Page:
The Fox TV station are concurrently testing two new syndicated shows: Dish Nation and Father Albert. As for the results—well, there’s good news and then there’s not-so-good news.
The stations will likely go forward with Dish Nation, an entertainment/talk hybrid in which morning drive-time radio DJs chat about the day’s news and pop culture.
“Dish Nation gives voice to what everyone around the country is thinking,” says Stephen Brown, senior VP of programming and development for Twentieth Television, who gets to work at 2 a.m. each day to start planning the show. “If you look at the new census numbers, we are a true melting pot. We are completely changed from what we were 20 years ago, and our programming has to reflect that.”
Dish Nation, which was pitched to Twentieth by promo packager Stu Weiss of Studio City, features Atlanta DJ Rickey Smiley, Detroit’s Blaine and Allyson, Los Angeles’ Fellie Fel and Krystal Bee and New York’s Scott and Todd riffing on the day’s hot topics. It is built around the hosts in their radio studios, but most of the talking for TV happens when the DJs are off radio air.
“This is a fresh new take on this pop-culture newsmagazine,” says Brown. “TMZ broke the mold three or four years ago. To be honest, when TMZ first launched, it wasn’t a success. It finally found its success the following May. We are very encouraged by having launched this new brand and having folks respond.”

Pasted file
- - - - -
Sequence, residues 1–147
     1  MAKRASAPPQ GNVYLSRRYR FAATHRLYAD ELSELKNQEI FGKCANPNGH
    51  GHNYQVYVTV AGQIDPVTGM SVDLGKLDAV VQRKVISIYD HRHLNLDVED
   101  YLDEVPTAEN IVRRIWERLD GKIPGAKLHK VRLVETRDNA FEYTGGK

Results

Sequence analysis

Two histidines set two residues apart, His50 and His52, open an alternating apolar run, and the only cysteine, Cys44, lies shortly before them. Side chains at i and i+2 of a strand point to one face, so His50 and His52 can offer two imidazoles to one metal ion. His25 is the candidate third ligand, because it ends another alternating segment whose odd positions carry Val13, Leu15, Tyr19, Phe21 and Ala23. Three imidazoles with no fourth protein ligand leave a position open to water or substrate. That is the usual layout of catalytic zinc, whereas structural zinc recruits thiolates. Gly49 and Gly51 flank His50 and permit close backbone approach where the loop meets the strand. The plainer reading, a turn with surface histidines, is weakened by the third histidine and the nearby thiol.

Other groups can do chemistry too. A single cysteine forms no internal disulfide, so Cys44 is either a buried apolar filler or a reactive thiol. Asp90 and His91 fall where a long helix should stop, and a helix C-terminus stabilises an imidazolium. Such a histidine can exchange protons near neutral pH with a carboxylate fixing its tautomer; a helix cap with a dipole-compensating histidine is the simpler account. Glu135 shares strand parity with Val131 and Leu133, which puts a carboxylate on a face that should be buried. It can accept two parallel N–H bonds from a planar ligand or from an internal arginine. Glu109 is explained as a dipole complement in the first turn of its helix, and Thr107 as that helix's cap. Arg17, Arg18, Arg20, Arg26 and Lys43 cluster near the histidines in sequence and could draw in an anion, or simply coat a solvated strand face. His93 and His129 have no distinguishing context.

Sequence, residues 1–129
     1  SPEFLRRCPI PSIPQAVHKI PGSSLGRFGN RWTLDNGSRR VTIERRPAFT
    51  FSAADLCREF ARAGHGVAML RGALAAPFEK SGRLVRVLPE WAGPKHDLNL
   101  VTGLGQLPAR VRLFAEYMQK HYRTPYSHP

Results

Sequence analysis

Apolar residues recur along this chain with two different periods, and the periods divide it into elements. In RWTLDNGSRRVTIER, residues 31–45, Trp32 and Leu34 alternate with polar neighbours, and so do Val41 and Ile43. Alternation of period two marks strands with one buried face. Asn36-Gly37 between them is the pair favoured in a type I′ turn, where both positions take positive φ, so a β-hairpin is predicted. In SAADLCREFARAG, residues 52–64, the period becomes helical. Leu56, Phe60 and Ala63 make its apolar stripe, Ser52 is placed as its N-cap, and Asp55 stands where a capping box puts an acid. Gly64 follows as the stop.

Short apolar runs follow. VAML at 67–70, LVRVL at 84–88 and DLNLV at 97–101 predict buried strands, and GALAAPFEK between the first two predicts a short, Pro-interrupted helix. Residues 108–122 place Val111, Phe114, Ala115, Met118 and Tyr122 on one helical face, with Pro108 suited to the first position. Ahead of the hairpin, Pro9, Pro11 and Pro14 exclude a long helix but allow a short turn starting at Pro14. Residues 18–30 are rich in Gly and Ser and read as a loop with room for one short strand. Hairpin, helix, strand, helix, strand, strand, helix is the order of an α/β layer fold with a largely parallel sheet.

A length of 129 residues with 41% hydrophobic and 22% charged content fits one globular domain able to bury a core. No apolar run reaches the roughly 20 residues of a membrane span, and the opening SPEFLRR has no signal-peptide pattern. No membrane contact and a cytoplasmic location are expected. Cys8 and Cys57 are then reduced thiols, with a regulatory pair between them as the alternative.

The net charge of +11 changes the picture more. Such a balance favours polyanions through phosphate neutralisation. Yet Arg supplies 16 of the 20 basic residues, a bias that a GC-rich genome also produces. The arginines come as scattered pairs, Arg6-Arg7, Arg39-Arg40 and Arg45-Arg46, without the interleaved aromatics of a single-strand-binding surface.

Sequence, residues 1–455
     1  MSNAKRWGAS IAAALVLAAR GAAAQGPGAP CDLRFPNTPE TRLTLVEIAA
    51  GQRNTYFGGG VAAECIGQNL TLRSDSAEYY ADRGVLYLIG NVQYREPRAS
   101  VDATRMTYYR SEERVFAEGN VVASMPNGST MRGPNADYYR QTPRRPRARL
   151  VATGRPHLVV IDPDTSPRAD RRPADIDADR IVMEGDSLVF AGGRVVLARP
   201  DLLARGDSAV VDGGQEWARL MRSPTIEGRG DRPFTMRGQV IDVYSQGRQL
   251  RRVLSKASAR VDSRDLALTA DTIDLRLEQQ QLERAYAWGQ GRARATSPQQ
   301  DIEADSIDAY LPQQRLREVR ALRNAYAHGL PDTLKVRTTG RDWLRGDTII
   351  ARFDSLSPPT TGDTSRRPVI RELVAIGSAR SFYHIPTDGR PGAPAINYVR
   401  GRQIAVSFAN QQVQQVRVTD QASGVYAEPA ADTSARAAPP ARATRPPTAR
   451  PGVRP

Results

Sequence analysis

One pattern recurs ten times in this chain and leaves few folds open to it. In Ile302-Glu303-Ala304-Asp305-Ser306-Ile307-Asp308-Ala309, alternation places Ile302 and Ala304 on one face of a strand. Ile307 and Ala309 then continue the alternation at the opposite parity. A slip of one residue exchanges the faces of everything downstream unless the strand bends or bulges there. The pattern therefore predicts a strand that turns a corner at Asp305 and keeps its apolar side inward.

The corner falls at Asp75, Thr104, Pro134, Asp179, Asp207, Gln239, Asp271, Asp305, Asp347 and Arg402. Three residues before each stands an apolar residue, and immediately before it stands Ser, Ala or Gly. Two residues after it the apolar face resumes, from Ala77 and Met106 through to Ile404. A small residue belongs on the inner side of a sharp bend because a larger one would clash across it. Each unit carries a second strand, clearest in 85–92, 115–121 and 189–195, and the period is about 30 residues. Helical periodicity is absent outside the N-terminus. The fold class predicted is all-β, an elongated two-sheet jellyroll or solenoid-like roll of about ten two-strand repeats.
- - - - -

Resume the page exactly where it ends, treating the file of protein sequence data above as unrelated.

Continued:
After a week on the air, Dish Nation is averaging a 0.9 rating/ 2 share across seven Fox markets. The show’s best performance is in Detroit, where it’s averaging a 2.2/6 at midnight on WJBK, down 27% from its lead-in and down 12% from its year-ago time period average. Dish Nation is least watched in Los Angeles, where it’s averaging a 0.5/1 at 6:30 p.m. on KTTV. That’s down 58% from the show’s lead-in and off 17% from year-ago time-period performance, when another test, Craig Kilborn’s The Kilborn File, aired.
Should the Fox stations decide to pick Dish Nation up, it will likely be paired with TMZ, Warner Bros.’ edgy entertainment mag, in many markets.
Meanwhile, Debmar-Mercury’s Father Albert, which began its five-week test run on July 11, is unlikely to go forward. Stations in three markets—New York, Minneapolis and Phoenix— pulled the show from their schedules after only three weeks. Stations in the other three Fox markets—Los Angeles, Dallas and Tampa—have been reasonably happy with the show and are expected to play out the 20 episodes that Debmar-Mercury produced.
Father Albert, starring Miami-based Episcopalian priest Father Alberto Cutie, is averaging a 0.7/2 in its six Fox markets.
The show’s best performance is in Dallas, where it’s averaging a 1.0/3 on KDFW at 1 p.m., down 33% from its lead-in but up 11% from what Warner Bros.’ cancelled Judge Jeanine Pirro was doing in the time slot last year. The show’s worst performance is in Minneapolis, where it’s averaging a 0.3/1 on KMSP, down 50% from its lead-in and down 57% from its year-ago time-period average.
All that said, executives at both Fox and Debmar-Mercury say this is why they keep testing shows: It’s better to know that a show’s going to fail after just three weeks on the air than after wasting a year on it.
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